1. Allonge*

      This, exactly. I would be uncomfortable to do this with friend-colleagues where we don’t have a sexual compatibility in any way.

      OP, if you want, it’s really ok to go. But it’s also very much ok not to want to, with this setup. Hotels are great!

    2. RVA Cat*

      Good point. The fact they’re alone is huge. OP, could you invite a friend to come with? Since he’s providing accommodations, you could cover travel from your home state, etc. If Brad is truly a platonic friend, he will be fine with this.

      1. artistry*

        I don’t think it’s reasonable to say that if Brad isn’t willing to host a whole other person that there’s something sketchy going on. I would be really taken aback if I invited a friend on vacation and they just added someone to the group!

        1. Hyaline*

          Yeah not everyone is a “the more the merrier” type. I’d be annoyed by extra people, especially someone I didn’t know. What an unfair litmus test for Brad!

        2. OneAngryAvacado*

          Yeah, that’s a fairly big assumption on Brad’s hosting duties – and would, to me, come across as kinda entitled to assume he should be ok with that.

          Not to mention, ‘woman needs chaperone to be around man’ comes across as all kinds of weird gender-essentialist vibes to me. Like, I get that people want to make sure OP is ok, but at the end of the day we are talking about consenting adults who are very much able to make choices about what they are and are not comfortable with.

    3. Hyaline*

      True. Deciding to vacation with a friend, especially sharing a house rather than separate hotel rooms, is kinda a big friend intimacy step regardless of gender and work dynamics thrown in as they are here. This feels less about the work element than about “am I really confident we have this dynamic in our friendship” territory.

    4. Anon for this*

      I’ve vacationed with several male friends and the first time I go somewhere with someone, I always make sure that our lodgings are made in my name. They’re welcome to stay with me, but I need to make sure that if things go south, I can kick them out if need be without adding the stress of finding somewhere else to stay. If you’re not going to enjoy the trip in the spirit in which it was intended, then you get to take on the stress of finding somewhere else to sleep! This has never actually been an issue, thankfully, but it’s important part of my vacation decision making nonetheless.

    5. Aqua*

      “It’s also surprisingly intimate to sleep, get ready, shower, and eat all meals at the same house, even if you have separate bedrooms and bathrooms. It requires a level of comfort and safety that’s much higher than you may have with the average friend.”

      have you never had housemates??

      1. Caramel & Cheddar*

        I think the point is that comfort with those things isn’t achieved overnight, even if you’re familiar with living with other people.

        1. amoeba*

          Well, when you move in with housemates, you’re also thrown into the situation pretty much from day one – and at least in the flatshares I’ve lived in so far, it was basically with strangers whom I’d met once or twice before after finding them on the internet! So with a good friend, the intimacy/comfort level is definitely already much higher than that…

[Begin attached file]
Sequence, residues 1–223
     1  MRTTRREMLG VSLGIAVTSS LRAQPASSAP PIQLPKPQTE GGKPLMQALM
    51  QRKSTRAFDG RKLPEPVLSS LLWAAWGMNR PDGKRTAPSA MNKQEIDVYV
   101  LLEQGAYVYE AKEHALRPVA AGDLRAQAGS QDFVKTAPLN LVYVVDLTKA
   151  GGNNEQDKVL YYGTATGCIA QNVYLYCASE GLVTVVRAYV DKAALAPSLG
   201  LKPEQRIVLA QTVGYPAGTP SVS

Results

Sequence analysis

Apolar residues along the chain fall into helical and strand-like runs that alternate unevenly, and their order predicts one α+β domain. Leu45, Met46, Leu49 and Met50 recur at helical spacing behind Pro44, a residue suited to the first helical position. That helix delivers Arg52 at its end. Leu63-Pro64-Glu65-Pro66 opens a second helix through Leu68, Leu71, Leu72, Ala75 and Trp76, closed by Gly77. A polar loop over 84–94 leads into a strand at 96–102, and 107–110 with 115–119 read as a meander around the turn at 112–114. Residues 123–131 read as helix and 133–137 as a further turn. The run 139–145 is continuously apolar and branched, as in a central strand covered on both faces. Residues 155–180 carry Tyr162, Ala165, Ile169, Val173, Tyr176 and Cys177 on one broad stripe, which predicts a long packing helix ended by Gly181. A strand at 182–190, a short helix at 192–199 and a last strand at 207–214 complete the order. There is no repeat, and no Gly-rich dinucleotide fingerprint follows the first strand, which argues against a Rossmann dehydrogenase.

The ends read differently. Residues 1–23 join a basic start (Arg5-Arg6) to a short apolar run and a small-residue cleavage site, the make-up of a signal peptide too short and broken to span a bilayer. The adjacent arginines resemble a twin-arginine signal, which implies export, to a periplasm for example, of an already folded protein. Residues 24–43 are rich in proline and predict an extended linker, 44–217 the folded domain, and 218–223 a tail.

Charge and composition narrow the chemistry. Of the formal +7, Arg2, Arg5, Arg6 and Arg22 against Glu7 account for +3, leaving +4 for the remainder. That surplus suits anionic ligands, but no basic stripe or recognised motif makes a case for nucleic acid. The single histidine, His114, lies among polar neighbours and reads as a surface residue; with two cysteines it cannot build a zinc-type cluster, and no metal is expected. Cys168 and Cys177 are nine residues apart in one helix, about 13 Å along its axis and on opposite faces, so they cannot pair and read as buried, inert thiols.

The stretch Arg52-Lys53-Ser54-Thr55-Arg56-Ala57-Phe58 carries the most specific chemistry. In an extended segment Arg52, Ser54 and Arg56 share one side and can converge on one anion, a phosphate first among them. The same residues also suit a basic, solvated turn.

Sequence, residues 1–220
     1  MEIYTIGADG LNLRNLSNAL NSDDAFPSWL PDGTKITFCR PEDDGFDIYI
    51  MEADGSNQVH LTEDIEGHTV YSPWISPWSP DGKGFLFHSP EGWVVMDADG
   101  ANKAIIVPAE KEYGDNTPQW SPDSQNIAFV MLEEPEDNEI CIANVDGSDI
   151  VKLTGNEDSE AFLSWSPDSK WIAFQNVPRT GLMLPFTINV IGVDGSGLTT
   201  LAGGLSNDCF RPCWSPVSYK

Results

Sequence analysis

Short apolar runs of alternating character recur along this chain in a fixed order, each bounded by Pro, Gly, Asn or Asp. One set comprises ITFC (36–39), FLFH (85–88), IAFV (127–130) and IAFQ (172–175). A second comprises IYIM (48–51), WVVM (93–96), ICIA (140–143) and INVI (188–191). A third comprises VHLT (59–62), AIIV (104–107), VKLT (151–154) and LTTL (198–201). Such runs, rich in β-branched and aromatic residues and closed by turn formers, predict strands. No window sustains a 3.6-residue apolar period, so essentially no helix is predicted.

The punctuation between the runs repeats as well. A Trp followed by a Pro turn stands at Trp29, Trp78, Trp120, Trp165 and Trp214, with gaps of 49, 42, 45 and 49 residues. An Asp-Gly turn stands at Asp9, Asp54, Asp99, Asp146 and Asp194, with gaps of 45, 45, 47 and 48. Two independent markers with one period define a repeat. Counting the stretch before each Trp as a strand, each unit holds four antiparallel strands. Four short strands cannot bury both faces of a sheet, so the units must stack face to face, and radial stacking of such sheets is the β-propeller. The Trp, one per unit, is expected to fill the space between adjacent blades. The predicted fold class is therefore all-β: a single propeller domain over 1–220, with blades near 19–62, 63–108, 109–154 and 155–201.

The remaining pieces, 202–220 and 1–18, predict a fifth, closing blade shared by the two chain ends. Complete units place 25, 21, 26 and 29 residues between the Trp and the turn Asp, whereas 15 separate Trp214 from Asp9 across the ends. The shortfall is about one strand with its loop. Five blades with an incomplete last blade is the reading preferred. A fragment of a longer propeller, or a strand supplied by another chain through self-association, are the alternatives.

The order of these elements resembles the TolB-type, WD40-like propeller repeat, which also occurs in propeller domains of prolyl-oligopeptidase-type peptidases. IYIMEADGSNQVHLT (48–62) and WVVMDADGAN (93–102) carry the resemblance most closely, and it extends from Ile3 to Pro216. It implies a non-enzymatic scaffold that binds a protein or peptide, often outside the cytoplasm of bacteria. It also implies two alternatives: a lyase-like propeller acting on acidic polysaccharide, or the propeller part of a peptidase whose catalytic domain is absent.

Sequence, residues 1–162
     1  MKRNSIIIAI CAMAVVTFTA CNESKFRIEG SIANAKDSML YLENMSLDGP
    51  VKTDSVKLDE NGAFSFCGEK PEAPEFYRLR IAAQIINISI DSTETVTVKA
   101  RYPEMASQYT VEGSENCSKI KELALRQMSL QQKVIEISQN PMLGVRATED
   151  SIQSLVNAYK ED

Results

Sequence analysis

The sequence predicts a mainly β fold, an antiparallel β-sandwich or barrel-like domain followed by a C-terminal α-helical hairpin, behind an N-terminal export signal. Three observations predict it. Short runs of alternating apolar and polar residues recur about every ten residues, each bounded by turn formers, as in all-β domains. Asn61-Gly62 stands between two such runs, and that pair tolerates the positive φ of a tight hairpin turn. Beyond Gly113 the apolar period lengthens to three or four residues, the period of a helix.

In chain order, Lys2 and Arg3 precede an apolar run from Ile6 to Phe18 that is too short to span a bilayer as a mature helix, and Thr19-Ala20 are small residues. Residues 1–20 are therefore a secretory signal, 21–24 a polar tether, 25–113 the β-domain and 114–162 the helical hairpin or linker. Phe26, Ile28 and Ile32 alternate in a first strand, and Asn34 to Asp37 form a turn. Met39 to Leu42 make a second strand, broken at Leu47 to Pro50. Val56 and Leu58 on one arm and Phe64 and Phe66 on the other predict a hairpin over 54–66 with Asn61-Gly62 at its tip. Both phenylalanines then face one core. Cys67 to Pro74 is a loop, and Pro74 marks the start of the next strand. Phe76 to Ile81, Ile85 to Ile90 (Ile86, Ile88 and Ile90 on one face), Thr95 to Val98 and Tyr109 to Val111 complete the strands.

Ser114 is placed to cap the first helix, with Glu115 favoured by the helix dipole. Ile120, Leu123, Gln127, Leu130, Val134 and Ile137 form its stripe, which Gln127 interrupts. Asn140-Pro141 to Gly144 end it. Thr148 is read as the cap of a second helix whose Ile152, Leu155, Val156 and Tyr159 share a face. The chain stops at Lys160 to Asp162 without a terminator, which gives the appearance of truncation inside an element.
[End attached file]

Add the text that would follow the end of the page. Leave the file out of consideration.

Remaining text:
Also, I have absolutely shared AirBnBs with male friends and even just acquaintances (from te same sports club, whatever), and while I agree that there’s some kind of risk you might turn out annoyed by each other after a whole week together if you don’t know each other well enough in advance, with somebody I hang out *every week*, I’d basically be… not worried at all. (Also, even with the ones I didn’t know that well, it always worked out fine for me!)

          1. OP*

            My friend and I had discussed inviting other mutual friends/acquaintances, but I don’t really know many of his friends since I just moved to the area. I’ve met some people in passing, but not more than a few times. It’s probably weirder for me to go on vacation with a bunch of other people instead of the two of us going. But it was definitely considered

            1. Hendry*

              It sounds like you are comfortable with everything – from your responses I’d say you have looked into it thoroughly and you are totally fine to go.

          2. Allonge*

            Sure, but moving in with housemates is (usually) not optional the way a vacation is.

            So discomfort counts for less for housemates – you will need someone in any case.

            1. amoeba*

              Eh, maybe different in the US, but here it’s definitely optional, I have many friends who never had housemates and chose a tiny studio/to pay more money to live alone! Also, many people who still chose to share a flat when older, just for company and higher standard of living, especially in expensive cities.

              1. Allonge*

                I did not mean that all roommate-people are forced to live together with random others – sure, some choose to, but normally still prompted by longer-term financial considerations or social needs that just do not apply to OP’s vacation.

      2. Brain the Brian*

        I have (in fact, I do right now). I also know that lots of women do not want to live with straight male housemates for reasons of sexual safety. I, likewise, don’t particularly want to live with fellow gay men.

        That said, the LW’s responses indicate she has thought through this trip thoroughly, and I have come around to the opinion that she should fine to go on it.